• some things are always wrong (personal gain, abusing power, breaking the law)

Pourquoi l’innovation est-elle importante?

D’abord l’environnement. Nous connaissons les forces qui agissent dans l’environnement de toutes les sociétés du monde

  • la mondialisation
  • reliée aux effets de la technologie et autres révolutions
  • la fragmentation nationale et sociale
  • les restrictions fiscales du secteur publique
  • les changements démographiques
  • les changements de valeurs
  • These forces push or shift the boundaries of expectations and of the possible therefore making innovations either necessary or unavoidable. These forces also make our innovations transient in nature.
  • An innovation that makes sense today may be useless or even harmful tomorrow

The Unknowable Future /1

Environmental forces contribute to making the future unknowable

  • i.e. it is impossible to set a course of action and stick to it because of factors or combination of factors beyond our control or anybody else's for that matter
    *realistically we have to hang on to some basic principles and make things up as we go
    +planning by overarching vision doesn’t work
    +planning by predicting the future doesn’t work

The Unknowable Future /2

We cannot only manage through a business plan, work plans, etc.

  • Rather, organizations need to manage strategic issues in a dynamic way, (i.e. always unresolved, never finalized) (from Ralph D. Stacey : Managing the Unknowable) by:
    *discovering: detecting and selecting the issues as events change (environmental scanning)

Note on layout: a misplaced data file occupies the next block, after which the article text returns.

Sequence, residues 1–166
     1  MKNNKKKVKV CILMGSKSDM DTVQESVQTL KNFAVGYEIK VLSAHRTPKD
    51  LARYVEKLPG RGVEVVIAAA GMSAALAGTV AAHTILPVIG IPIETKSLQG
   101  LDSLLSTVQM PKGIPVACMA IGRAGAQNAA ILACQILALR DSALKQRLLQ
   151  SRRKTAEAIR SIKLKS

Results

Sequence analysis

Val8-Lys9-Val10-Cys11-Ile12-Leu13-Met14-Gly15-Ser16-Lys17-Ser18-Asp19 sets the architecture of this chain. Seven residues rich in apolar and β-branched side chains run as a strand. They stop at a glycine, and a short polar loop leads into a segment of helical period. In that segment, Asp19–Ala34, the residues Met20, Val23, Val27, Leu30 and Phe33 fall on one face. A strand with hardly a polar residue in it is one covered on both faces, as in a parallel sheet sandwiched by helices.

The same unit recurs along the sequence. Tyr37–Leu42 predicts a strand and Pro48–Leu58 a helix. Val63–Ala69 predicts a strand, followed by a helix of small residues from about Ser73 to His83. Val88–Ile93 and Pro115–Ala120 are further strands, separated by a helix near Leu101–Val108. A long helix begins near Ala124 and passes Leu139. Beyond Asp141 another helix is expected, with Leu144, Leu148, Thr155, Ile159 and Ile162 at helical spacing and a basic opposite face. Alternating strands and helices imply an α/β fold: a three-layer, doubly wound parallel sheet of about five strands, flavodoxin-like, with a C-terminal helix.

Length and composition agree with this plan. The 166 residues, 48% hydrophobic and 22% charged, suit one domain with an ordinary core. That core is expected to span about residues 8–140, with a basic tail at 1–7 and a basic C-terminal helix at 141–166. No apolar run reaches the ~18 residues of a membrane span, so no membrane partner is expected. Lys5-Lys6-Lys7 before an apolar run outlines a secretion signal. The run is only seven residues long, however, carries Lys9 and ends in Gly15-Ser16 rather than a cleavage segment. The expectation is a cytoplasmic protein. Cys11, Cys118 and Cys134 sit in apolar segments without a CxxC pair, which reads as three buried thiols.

*choosing: clarifying their preferences and objectives while gaining attention and building issue agendas
    *acting: +gaining legitimacy and backing
    +taking experimental action (i.e. innovating in order to respond adequately to the environment as it is and not
    as it was planned to be)

The Unknowable Future /3

Stacey believes that

  • chaos can inspire creativity
    *Quote from Stacey: "In chaos, creativity is a potentially ongoing process that is internally generated in a spontaneous manner."
    *Creativity is neither proaction nor reaction
    *Creativity is continuing interaction with the environment
  • contradiction and conflict play key roles in developing strategy
    e.g. A former President of Honda (Mr. Kawashima) said that he stepped down as president when employees began agreeing with him 70% of the time
  • I’m not sure I agree with him, but……
  • Being a middle-manager is like trying to push jelly uphill with a pointed stick on a hot day!

How do we nourish and sustain innovation as organizations

Pour faire face à un avenir inconnu, les organisations ont besoin

  • de se façonner des comportements qui font montre d'innovation et qui appuient l'innovation
    *l'utilisation de scénarios, par exemple (outils qui permettent d'accroître la pensée stratégique)